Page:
A Personal Carer (sometimes known as a Personal Assistant, Care Assistant, or Personal Care Assistant) provides care to people at home.
Personal Assistants are employed directly by the individual they support. People can receive contributions towards paying a Care Assistant through the local council. The amount of money a person can receive towards costs depends on individual needs.
Around 70,000 people in England employ a PA, either through direct payments or personal health budget.
What do Personal Carers do?
Personal Carers provide care at home to help people live happy, independent lives from the comfort of their own homes. Care Assistant’s working hours vary from part-time to full-time. Exact working hours depend on the needs of the person they support.
The day-to-day tasks of a Personal Carer include:
- Preparing meals
- Assisting with medication
- Providing support for family carers when they need respite
- Personal care, including washing, dressing, and using the toilet
What kind of settings do Personal Assistants work in?
Personal Assistants typically provide care at home or in the community. The setting will depend on the individual who is being supported.
In some cases, when an individual is admitted to a hospital, their Care Assistant will continue supporting them. PAs will work with ward and clinical staff to ensure a person’s needs and preferences are met.
Who do Personal Carers support?
A Personal Carer can support a range of people, including, a family member, adults, children, or people with more complex needs.
PAs are employed directly by an individual and not through an agency or third party.
What are the benefits of Personal Carers?
Employing a PA can be really beneficial to the individual. As clients are the employer, they have more control over who cares for them and what tasks they do. Care packages can be designed to meet individual needs.
Typically, people will employ someone they know to care for them which often makes recruitment much more straightforward. People can also be signposted to PAs through the local authority.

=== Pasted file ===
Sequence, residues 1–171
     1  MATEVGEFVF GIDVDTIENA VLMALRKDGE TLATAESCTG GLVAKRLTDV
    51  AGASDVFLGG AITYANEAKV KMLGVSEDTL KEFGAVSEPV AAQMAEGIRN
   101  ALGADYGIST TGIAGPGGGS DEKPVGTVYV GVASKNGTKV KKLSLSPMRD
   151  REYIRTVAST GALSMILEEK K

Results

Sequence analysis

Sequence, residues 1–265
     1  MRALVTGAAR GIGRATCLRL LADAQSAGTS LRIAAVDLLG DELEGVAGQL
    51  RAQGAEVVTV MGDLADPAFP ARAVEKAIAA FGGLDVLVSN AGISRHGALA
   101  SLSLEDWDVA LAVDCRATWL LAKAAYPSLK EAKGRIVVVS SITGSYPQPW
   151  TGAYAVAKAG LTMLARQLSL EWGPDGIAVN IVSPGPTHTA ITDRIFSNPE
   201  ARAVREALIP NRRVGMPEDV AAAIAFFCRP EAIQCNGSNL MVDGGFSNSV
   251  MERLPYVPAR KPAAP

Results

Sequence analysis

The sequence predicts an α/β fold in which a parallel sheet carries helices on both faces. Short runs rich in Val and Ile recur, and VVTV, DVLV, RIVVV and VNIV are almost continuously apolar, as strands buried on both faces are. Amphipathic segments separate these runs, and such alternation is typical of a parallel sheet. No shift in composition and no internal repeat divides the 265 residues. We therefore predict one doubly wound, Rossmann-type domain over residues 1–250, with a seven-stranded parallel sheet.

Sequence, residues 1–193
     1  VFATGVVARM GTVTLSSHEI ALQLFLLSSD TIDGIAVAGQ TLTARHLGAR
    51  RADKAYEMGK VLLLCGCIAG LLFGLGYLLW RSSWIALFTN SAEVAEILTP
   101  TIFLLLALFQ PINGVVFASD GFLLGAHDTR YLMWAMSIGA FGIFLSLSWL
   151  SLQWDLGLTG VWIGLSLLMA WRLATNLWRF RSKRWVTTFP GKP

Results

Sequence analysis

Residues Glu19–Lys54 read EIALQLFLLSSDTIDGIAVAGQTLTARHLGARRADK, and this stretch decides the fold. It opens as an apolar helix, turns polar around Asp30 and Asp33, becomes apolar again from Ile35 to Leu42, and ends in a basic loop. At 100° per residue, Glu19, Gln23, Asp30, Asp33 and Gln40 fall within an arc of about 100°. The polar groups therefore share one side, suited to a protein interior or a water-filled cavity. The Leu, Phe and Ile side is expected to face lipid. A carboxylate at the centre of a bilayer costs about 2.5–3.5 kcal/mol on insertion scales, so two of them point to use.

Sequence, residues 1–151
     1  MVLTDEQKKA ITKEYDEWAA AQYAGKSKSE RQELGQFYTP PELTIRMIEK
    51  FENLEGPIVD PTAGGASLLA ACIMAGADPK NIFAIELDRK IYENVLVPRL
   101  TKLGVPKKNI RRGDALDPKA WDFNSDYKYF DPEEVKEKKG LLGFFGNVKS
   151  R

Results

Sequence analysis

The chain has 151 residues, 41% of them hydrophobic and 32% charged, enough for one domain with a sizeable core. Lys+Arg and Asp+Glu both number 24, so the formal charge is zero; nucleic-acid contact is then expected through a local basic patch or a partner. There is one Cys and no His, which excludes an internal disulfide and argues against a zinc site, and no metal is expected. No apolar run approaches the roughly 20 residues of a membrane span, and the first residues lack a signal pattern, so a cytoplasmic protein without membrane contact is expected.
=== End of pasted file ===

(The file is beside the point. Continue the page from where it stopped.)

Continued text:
Here are a few of the main benefits of Care Assistants:
- Clients have more choice and control over the care they receive
- Care Assistants save the economy billions of pounds every year
- Care is flexible and tailor-made to support the client’s individual needs
- Receiving care at home allows people to remain at home while receiving bespoke
- Support that meets their individual needs
- Personal Assistants relieve pressure on other health and social care services by supporting people at home
How to become a Personal Assistant
There are some basic skills required to be a Care Assistant. They include:
- Strong communication skills
- Good literacy and numeracy skills
- Excellent listening skills
You also must be reliable, responsible, respectful, and always treat people with dignity.
Although you don’t need any formal training to become a Personal Assistant, previous experience would be an advantage. It is up to the person who employs a PA to decide if they are the right fit.
Personal Carer jobs
Personal Assistants can be employed by a family member or friend, but sometimes people will advertise for a Personal Assistant.
Care Assistant vacancies can be found on job boards such as Indeed, and Total Jobs.
How are Personal Carers paid?
Personal Carers are employed directly by the individual they support, which means they are paid directly by them too. PAs receive minimum wage, but the exact pay is determined by the individual/ employer.
The current minimum wage is:
For workers aged 23 or over: £9.50 per hour
For workers aged 21 to 22: £9.18 per hour
For workers aged 18 to 20: £6.83
For workers aged 16 to 17: £4.62
You can find more information on PAs on the Skills for Care website here.